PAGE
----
Sergi Llongueras (24) was approached by a Spanish clothing brand startup, which was interested in creating content about people that do extreme things, follow their dreams and work hard to live from their passion. That ended up in a 24 minutes long video, where they interviewed Sergi at his local trials park in Òrrius, just outside Barcelona.
After watching the video, we still had some questions for the 2019 26″ world champion, and asked Sergi about his career, training, injuries and goals for the future.
You started doing trials at the age of 12, which is 12 years ago now. Besides the obvious of winning a world championship title, what have been the highlights?
Well, besides the world title I’ve had a lot of great moments in my career.
The first one was my first world cup ever in Aalter 2012, where I finished last, making 5s in every section. But, just to be there competing in a world cup and seeing all my idols, was amazing and really inspiring to keep improving to be in a final one day.
Another big date for me was the junior world championships final in Norway (2014), where I got second place. It was my first time on a world championship podium and it was a highlight at that time.
2014 was a really good year for me since I was starting to feel like I was good at competitions, I had more confidence than ever before in my skills, and I made it to my first world cup final, finishing in fourth place. The race was in Moutier, Switzerland, and I finished just behind Jack, Gilles and Vincent. That was like a dream come true!
After that, all the problems with my knee injury started, and I had to be off the bike for long periods. It wasn’t until back in 2018 when I started to get that confidence back and did my best year ever! The biggest highlights from that year were my first podium in a world cup and in the overall, and finishing the year with my first podium in an elite world championship, where I got second.
After winning the 26″ World Championship title in 2019, you’ve now wore the rainbow jersey for more than one year, which is quite a unique situation. How has it been to wear the jersey? Do you sleep in it too?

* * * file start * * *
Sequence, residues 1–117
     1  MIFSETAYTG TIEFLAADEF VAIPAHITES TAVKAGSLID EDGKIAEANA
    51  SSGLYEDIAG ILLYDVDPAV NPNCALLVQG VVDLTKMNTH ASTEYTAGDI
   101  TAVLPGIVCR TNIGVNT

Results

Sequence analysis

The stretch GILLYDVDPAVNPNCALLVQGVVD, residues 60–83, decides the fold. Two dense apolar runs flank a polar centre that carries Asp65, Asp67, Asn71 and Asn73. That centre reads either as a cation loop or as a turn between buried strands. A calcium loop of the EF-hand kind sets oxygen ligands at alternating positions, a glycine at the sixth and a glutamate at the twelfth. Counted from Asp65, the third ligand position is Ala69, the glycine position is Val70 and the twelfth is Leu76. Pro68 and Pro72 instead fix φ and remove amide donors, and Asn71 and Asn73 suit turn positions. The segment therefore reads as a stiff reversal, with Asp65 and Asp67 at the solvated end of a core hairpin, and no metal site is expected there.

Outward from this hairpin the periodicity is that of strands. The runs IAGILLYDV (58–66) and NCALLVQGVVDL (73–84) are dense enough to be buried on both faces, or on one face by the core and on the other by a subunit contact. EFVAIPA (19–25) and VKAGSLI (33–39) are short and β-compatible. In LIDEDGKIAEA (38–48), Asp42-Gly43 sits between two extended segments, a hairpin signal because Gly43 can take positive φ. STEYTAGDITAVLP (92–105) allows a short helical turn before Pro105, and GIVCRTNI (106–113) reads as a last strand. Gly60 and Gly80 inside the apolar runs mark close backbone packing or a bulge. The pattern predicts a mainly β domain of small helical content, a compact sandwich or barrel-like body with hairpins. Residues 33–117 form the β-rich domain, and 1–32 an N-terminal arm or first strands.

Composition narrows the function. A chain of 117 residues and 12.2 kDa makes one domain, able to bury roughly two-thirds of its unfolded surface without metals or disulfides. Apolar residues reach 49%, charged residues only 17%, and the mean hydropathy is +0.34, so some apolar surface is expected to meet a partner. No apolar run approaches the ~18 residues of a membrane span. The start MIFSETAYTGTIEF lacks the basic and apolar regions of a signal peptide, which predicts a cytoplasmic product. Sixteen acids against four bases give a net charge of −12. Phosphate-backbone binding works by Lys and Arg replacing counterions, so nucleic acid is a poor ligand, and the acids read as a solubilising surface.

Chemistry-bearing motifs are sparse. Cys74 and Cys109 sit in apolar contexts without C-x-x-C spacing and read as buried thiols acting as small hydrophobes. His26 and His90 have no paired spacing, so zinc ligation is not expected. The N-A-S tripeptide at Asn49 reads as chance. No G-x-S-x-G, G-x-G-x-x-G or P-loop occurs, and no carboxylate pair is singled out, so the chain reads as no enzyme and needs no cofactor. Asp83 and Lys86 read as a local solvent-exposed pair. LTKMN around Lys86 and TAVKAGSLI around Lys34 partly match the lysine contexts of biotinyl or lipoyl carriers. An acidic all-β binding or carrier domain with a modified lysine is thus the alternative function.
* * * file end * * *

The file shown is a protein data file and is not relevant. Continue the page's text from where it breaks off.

Obviously to be able to ride with my own rainbow jersey is a dream come true! It’s what I’ve been visualizing for so many years, and now that it’s a reality I’m trying to enjoy it as much as I can. Even if I don’t film anything I train with it. Hahaha, I don’t sleep in it, but the first days after the world championships, I walked around my house with the jersey on, haha!
It’s been a pretty weird situation, but to be honest I almost don’t think about it. This past year I’ve had bigger problems than that since I was still having pain in my knee, and I wanted to take advantage of the situation and use all this time without competing to finally heal my injury. So trial training and competitions have been out of my focus for some time now.
It’s not the way I wanted to retain it, but that’s something I have no control over, so I don’t really think about it. For me it feels like a longer year, that’s all, haha.
You’ve been struggling with a knee for several years now, tell us about your current injury situation and recovery plan.
This knee thing has been really tough. I’ve been four years in pain, trying to find someone to really tell me what is the real problem and where did the pain exactly come from. After the world championship I was getting to a critical point where I was losing my right leg mobility, and apart from the knee I had pain in my shoulder and hip. However, doctors told me that the magnetic resonance results were perfect and they didn’t know what else to do. I was really frustrated and lost.
Fortunately, this past summer, four years and two surgeries later, I found the right person with a solution in biomechanics! The real problem wasn’t coming from the knee, it was in the whole body in general. I’ve had to change a lot of things in my training and my daily life. I stopped trials trainings for four months and even stopped posting videos keeping myself out of social media just to focus on myself and all this recovery process. That’s exactly what I needed.
I can’t really tell you more about this process since some news are coming, but I can tell you that I’ll be back to training pretty soon!! I’m learning a lot about the movement of my body and I’m sure I’ll be a totally improved rider after all these changes have settled. Can’t wait!
Throughout your 12 years long career, you’ve been constantly developing your level despite grinding through several injuries. What’s your secret to achieve progression, year after year? Which areas have given you the most drastic improvements to your overall level?
I really don’t have any secrets to keep progressing, I think it’s the constant desire to be better as a rider and as a person, and trials is the best way I know to do that. Injuries have been a big factor on this, because it’s been a huge resistance to my progression, and it created a big frustration in me that made me want to work even harder to achieve my goals. So I could say being disciplined, working hard, having consistency and constantly learning are the keys to progress.
In my case, power moves and big jumps come easy for me, so the more I train balance, precision and technical moves, the more I improve my overall level.
The 2021 season is approaching, and it’s still a lot of uncertainty about the calendar, but if a normal international calendar becomes a reality, what are your ambitions and plans?
My first priority is to complete my recovery process and get back to enjoy riding my bike at 100%. Without that, competitions don’t make sense for me. Then, I’ll start competitions watching where my level is at and I’ll keep training hard to be able to defend my world title at the end of the year.